The WorldPrism™ framework of cultural orientations was designed with one objective in mind: Provide our business clients with a simple (but not simplistic) tool for recognizing and adapting to a small, but powerful set of cognitive and behavioral differences found in cross-cultural situations. We wanted to create a model that was intellectually sound while also being highly practical.
We were not trying to create a framework for gathering cultural data per se, but to provide business practitioners with a tool for ‘reading’ the real-time cultural dynamics at work in, for example, cross cultural meetings, presentations, negotiations, teams, and supervisory activities like delegating, coaching and giving feedback.
The challenge for anyone working across cultures is to understand and respect what can be known at the group level (culture is a statistical representational of group norms), while relating to individuals from the group who may or may not conform to the statistical representation.
Rather than businessmen and women going into a cross-cultural situation with a pre-formulated group stereotype or set of generalizations (even those based on statistical data) we wanted them to be able to ‘read’ and relate to complex individuals. Individuals who would undoubtedly be infused with cultural orientations derived from their membership in different groups (e.g., national, regional, organizational, and professional groups), but also personal orientations based on their individual life experiences. No individual is defined by a cognitive or behavioral cultural norm.View Demo
The Intellectual Roots
The model was developed and refined over several years between 1982 and 2000 by Terence Brake, a sociologist and author in the global learning & development field, with over 20 years of experience helping executives to work better across cultures.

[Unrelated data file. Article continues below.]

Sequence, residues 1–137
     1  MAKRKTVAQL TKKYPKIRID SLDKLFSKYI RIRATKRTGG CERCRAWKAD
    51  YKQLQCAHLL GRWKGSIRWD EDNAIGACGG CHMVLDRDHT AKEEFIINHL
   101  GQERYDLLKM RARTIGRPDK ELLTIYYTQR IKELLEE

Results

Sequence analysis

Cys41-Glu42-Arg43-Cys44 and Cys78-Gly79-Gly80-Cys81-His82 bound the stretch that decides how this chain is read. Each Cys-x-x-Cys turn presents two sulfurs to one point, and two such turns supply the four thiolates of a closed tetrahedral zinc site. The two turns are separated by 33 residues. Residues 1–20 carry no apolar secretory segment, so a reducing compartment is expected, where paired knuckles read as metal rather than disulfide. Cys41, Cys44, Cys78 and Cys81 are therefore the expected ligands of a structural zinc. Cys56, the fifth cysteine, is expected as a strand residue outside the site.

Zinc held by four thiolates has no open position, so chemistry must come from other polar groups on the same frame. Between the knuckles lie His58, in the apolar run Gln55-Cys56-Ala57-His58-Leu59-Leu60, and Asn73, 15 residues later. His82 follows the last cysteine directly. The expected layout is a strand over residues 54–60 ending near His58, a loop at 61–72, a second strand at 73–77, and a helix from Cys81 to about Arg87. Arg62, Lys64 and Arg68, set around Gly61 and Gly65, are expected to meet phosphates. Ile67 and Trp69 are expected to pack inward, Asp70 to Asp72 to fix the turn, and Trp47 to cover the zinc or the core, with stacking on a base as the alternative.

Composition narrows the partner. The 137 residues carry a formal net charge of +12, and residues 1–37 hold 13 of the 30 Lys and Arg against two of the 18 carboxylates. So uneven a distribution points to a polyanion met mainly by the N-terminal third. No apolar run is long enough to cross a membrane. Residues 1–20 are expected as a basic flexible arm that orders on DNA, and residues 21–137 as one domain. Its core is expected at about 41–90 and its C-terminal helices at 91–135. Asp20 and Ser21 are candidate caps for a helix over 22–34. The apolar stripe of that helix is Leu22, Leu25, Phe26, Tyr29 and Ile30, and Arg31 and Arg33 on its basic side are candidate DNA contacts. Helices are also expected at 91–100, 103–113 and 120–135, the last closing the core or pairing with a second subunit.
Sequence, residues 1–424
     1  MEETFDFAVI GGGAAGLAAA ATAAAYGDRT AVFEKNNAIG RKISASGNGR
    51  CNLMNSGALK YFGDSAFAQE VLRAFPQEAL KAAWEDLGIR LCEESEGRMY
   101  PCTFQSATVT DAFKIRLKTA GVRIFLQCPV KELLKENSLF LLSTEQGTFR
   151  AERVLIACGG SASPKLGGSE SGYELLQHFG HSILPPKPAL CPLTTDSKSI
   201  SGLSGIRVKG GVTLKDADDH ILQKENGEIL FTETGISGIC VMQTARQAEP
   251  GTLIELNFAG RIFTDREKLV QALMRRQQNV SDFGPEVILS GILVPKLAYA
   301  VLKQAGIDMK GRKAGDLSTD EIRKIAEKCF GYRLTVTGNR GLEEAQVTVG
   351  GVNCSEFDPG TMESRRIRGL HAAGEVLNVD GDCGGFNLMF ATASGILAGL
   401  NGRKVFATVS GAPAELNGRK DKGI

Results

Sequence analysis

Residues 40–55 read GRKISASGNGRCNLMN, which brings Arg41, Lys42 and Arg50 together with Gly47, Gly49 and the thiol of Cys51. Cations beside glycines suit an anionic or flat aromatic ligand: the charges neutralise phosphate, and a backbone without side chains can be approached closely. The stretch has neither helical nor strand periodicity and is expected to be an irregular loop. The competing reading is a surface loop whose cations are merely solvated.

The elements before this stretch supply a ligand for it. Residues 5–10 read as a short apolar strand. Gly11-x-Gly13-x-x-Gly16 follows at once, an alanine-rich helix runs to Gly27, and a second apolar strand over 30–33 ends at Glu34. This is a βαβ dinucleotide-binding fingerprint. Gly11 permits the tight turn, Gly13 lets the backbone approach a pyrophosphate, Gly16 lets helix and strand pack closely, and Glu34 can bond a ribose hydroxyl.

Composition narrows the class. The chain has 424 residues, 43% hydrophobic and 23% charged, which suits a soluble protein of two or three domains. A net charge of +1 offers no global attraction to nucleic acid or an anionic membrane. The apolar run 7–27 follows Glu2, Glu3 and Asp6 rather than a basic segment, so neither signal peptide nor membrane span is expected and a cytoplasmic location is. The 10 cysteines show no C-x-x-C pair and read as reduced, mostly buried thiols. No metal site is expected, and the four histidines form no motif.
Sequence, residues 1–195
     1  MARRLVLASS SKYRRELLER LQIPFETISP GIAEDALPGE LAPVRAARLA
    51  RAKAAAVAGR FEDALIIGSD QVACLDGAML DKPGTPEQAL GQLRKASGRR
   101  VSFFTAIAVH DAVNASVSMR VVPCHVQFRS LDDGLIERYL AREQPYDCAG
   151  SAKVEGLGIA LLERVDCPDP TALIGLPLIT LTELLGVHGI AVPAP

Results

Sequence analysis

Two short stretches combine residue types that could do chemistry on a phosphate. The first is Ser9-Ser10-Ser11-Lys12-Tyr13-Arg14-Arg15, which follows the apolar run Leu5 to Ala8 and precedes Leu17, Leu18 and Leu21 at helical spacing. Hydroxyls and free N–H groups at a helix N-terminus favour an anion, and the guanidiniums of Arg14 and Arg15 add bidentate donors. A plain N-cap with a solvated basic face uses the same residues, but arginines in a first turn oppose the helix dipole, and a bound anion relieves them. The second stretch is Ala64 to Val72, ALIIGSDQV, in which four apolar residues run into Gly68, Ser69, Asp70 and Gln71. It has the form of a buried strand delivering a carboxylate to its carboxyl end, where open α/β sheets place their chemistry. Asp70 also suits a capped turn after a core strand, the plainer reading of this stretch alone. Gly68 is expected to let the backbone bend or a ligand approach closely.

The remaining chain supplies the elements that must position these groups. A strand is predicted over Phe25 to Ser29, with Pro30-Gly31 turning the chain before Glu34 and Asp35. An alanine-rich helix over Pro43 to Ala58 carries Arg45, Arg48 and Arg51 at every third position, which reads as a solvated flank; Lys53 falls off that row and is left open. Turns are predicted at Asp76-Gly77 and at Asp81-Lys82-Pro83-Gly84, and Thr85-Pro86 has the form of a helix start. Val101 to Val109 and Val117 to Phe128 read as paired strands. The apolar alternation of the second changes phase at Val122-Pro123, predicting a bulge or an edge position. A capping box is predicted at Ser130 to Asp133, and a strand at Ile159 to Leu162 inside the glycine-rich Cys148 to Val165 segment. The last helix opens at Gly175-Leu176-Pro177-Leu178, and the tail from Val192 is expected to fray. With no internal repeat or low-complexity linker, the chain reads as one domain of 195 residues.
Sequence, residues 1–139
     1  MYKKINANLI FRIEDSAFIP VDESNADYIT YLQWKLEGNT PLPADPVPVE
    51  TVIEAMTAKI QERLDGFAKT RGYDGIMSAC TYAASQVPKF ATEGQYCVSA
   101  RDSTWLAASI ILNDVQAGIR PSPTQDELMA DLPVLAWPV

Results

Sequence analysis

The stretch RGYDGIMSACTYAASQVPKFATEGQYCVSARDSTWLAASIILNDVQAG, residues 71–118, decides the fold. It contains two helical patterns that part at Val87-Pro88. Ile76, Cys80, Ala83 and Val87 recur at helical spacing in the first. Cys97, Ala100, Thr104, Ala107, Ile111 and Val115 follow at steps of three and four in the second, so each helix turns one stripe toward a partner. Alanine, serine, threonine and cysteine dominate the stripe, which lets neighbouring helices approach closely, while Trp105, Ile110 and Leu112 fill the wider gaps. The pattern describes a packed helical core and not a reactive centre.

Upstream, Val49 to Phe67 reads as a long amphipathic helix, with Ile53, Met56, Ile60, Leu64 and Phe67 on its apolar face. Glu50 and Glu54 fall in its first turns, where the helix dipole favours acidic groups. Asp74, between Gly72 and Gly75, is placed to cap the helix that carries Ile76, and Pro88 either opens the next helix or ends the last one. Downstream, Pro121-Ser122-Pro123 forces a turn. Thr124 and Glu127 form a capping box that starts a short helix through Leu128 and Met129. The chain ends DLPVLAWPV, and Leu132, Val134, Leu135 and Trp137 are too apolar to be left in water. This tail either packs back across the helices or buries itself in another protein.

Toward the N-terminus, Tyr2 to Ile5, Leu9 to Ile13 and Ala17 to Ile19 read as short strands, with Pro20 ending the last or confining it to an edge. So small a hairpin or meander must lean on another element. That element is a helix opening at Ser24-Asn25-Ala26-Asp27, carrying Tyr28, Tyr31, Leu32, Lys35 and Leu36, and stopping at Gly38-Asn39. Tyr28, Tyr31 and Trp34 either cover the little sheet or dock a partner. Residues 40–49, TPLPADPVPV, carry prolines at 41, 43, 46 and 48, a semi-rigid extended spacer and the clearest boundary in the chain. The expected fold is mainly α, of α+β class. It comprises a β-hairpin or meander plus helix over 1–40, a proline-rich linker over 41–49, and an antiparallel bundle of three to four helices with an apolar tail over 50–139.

The WorldPrism™ model was influenced by Kluckhohn and Strodbeck and their approach of looking at cultures (“world views’) through the lens of value orientations, e.g., Time Sense, Social Relations, Talcott Parsons and his model of pattern variables – contrasting values to which individuals orient themselves in social interactions. Specifically: affectivity – affective neutrality; diffuseness – specificity; particularism – universalism; ascription – achievement; collectivity orientation – self orientation. Edward Hall’s work on culture, particularly his concepts of polychromic and monochromic time, and high and low context cultures.
Based on academic learning and teaching/consulting work, Brake created three dimensions of culture that encapsulated the major differences expressed in the literature/classroom/mini case studies.Find out more
Three cultural dimensions
Expectations about how we should relate to one another
Expectations about how we should manage the world around us
2. Orientation to Time
3. Orientation to Power
Expectations about how we should think about problems
1. Approach to Problem Solving
3. Orientation to Explanations
WorldPrism™ profile validation
The WorldPrism™ framework and supporting assessment have been independently tested by psychologists and psychometricians to ensure a range of key validation criteria are met. These include:
Face validity – ensuring that the scales and assessments measure what they are meant to measure.
Content validity - this is the extent to which the scale asks about the actual behaviours, attitudes or skills that are to be measured, and does so exclusively (i.e. without bringing in irrelevant factors) and exhaustively (i.e. without leaving out any important aspects of the area being measured).
Criterion validity - the type of validity most often required of assessment related tests like the Worldprism profiler is criterion validity. This is concerned with whether the scale can measure the sort of behaviour we are interested in measuring.
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